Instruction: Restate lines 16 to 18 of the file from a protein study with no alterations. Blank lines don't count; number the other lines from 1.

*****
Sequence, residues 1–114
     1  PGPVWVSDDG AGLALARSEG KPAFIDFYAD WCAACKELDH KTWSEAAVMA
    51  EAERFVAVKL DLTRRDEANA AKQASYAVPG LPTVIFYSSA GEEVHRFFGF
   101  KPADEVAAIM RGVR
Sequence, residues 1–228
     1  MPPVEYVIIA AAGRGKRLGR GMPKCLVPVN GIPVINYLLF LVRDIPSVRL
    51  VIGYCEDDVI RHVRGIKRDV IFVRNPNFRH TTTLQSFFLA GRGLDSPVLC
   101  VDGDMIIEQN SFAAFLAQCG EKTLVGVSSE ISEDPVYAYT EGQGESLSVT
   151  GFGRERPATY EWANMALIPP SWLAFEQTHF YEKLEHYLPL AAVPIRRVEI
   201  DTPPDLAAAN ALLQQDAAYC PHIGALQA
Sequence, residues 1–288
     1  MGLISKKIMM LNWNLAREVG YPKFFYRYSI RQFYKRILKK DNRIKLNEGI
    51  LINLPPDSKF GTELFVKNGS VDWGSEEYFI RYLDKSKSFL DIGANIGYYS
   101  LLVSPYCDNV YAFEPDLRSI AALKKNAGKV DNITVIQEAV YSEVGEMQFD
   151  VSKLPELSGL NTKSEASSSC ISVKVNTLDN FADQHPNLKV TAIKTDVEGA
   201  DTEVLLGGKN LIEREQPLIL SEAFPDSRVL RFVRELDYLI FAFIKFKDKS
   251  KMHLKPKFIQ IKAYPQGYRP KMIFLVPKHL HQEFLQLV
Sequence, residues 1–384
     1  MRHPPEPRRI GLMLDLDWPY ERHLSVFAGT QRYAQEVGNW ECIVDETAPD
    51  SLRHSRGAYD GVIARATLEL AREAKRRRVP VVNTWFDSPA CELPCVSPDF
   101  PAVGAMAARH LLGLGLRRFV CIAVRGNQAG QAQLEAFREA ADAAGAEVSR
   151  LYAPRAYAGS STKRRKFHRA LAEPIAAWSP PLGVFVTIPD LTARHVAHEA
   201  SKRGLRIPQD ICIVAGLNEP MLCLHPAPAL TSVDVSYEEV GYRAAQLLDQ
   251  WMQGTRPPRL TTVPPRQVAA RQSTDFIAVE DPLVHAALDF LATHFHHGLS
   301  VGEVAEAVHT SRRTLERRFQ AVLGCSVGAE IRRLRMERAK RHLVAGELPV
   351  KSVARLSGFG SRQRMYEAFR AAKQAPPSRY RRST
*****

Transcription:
   201  DTEVLLGGKN LIEREQPLIL SEAFPDSRVL RFVRELDYLI FAFIKFKDKS
   251  KMHLKPKFIQ IKAYPQGYRP KMIFLVPKHL HQEFLQLV
Sequence, residues 1–384